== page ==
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What higher bank funding costs mean for your term deposits

Reading Time: 2 minutes

You may have heard in recent weeks that short-term interest rates are on the march higher. This has increased the cost of lending for many businesses, and the cost of funding for banks. But with banks wanting to maintain their profitability in an environment of rising costs and moderating loan demand, they are reducing interest rates on term deposits (TD).

Term deposit returns have been grinding lower since January 2011. Data collected by the RBA shows that the average “special” rate offered by all banks has fallen from 6.15% pa in December 2010 to only 2.25% in April 2018. For investors astute enough to lock in long-term arrangements years ago, they would now be particularly depressed at the miserly returns on offer to reinvest those funds.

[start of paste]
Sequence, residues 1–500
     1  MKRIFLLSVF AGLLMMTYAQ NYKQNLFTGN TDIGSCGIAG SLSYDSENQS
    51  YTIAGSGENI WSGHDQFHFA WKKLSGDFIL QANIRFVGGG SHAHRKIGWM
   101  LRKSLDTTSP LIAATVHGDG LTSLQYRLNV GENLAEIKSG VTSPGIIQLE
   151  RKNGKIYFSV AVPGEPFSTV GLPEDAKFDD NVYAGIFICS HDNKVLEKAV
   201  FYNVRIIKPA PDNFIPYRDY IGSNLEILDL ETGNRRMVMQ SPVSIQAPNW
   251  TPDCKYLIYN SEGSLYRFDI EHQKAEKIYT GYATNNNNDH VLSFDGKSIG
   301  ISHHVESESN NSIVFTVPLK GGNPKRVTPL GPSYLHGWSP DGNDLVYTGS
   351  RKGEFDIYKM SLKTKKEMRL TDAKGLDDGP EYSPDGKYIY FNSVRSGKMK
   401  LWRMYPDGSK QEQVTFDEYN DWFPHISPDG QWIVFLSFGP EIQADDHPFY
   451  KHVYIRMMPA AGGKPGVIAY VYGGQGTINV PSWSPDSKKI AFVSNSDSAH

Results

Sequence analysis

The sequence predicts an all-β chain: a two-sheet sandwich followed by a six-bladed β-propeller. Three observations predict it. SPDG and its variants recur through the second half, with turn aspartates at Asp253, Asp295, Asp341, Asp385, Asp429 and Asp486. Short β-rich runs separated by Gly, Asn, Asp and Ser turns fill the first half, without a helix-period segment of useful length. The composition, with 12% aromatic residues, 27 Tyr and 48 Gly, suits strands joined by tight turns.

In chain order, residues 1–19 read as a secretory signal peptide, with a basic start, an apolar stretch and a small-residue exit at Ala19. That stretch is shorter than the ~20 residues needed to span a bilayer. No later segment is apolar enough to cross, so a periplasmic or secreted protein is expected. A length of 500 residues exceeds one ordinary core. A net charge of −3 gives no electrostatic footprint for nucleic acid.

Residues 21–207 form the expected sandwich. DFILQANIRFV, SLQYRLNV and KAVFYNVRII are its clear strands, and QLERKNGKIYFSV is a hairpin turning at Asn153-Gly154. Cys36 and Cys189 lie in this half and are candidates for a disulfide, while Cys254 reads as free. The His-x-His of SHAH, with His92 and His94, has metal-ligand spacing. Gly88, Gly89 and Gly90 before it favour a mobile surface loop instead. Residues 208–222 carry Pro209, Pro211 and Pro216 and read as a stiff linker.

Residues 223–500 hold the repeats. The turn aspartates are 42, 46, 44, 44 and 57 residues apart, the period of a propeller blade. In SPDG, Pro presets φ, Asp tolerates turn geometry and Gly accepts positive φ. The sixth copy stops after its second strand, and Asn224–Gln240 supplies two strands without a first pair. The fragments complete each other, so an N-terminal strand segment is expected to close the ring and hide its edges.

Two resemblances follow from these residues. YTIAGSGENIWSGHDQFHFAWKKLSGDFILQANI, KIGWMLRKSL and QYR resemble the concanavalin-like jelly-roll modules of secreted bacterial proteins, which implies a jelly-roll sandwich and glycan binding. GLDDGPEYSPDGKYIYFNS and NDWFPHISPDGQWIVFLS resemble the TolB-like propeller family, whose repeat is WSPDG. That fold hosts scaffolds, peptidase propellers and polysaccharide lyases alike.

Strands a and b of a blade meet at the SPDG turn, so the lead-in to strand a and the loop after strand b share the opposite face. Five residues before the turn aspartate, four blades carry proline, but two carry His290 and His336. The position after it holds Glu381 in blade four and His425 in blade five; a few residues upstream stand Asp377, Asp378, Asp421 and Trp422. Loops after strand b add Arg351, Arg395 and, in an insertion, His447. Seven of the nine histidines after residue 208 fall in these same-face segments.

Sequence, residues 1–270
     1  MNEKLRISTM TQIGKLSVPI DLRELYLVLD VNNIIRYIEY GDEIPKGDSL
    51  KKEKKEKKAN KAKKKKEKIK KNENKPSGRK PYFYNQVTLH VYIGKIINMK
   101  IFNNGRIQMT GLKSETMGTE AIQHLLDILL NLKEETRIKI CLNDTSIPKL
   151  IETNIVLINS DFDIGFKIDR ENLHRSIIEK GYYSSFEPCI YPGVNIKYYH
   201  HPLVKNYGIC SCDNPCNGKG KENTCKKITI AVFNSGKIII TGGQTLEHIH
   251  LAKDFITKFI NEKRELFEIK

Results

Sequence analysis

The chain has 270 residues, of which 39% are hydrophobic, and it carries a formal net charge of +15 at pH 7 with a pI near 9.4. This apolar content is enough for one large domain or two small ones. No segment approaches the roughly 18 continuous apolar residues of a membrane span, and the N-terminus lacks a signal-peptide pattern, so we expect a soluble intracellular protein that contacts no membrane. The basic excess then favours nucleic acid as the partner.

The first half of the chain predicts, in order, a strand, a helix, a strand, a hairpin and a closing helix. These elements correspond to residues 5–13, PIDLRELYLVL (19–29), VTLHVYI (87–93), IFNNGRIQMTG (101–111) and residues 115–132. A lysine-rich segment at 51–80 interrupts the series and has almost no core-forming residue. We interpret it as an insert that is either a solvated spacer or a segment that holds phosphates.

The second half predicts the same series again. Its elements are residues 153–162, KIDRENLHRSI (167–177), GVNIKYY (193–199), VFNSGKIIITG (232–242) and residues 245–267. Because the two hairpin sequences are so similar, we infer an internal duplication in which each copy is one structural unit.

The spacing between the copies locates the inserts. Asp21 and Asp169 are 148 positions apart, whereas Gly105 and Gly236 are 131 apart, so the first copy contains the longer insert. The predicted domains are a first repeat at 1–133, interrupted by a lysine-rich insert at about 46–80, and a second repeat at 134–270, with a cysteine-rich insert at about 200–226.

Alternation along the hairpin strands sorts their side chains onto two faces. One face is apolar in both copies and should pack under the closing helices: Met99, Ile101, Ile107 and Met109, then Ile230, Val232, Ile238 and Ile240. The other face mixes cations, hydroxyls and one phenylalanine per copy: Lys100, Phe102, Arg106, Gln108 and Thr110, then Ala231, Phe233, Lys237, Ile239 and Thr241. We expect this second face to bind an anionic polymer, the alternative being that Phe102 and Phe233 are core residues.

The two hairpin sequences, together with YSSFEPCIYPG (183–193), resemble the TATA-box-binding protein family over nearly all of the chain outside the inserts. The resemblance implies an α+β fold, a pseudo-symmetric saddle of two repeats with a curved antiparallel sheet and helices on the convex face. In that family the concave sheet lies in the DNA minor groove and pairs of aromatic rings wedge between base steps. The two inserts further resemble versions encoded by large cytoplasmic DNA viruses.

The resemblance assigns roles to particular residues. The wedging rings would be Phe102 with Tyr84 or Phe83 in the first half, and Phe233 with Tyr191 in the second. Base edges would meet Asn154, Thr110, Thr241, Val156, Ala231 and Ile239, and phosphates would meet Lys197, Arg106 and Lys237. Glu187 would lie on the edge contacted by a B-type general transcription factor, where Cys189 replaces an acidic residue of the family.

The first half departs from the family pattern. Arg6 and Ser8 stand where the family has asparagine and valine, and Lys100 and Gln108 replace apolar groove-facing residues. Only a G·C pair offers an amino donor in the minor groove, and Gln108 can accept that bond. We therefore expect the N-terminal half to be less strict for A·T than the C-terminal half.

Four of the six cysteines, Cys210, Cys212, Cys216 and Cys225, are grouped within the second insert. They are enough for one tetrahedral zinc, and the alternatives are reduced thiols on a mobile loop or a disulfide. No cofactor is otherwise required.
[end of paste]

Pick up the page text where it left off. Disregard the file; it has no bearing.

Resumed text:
These trends are also playing out in returns relative to the cash rate. The chart below shows that the last time short-term funding costs rose (dark green line, albeit more gradually), the banks responded with a significant reduction in TD spread over the cash rate (light green line, but from a much higher starting point). The movement in funding costs this time round has been swifter and more pronounced, with little reaction as yet from banks with regard to TD pricing. We believe there is a risk of lower TD rates should these factors persist.


Source: Daintree Capital

There is a silver lining, however, for investors in floating rate bonds (like Daintree), because investors in this type of bond receive the same short-term interest rate that the banks or corporates are required to pay. Even better, floating rate bonds have very low duration, meaning this extra coupon income can be collected with little if any impact on the capital price of the bonds.

Daintree’s Core Income portfolio is ideally placed to benefit from current trends, with about two-thirds of its assets invested in floating rate instruments.

This is the opinion of the Author, Brad Dunn, Senior Credit Analyst.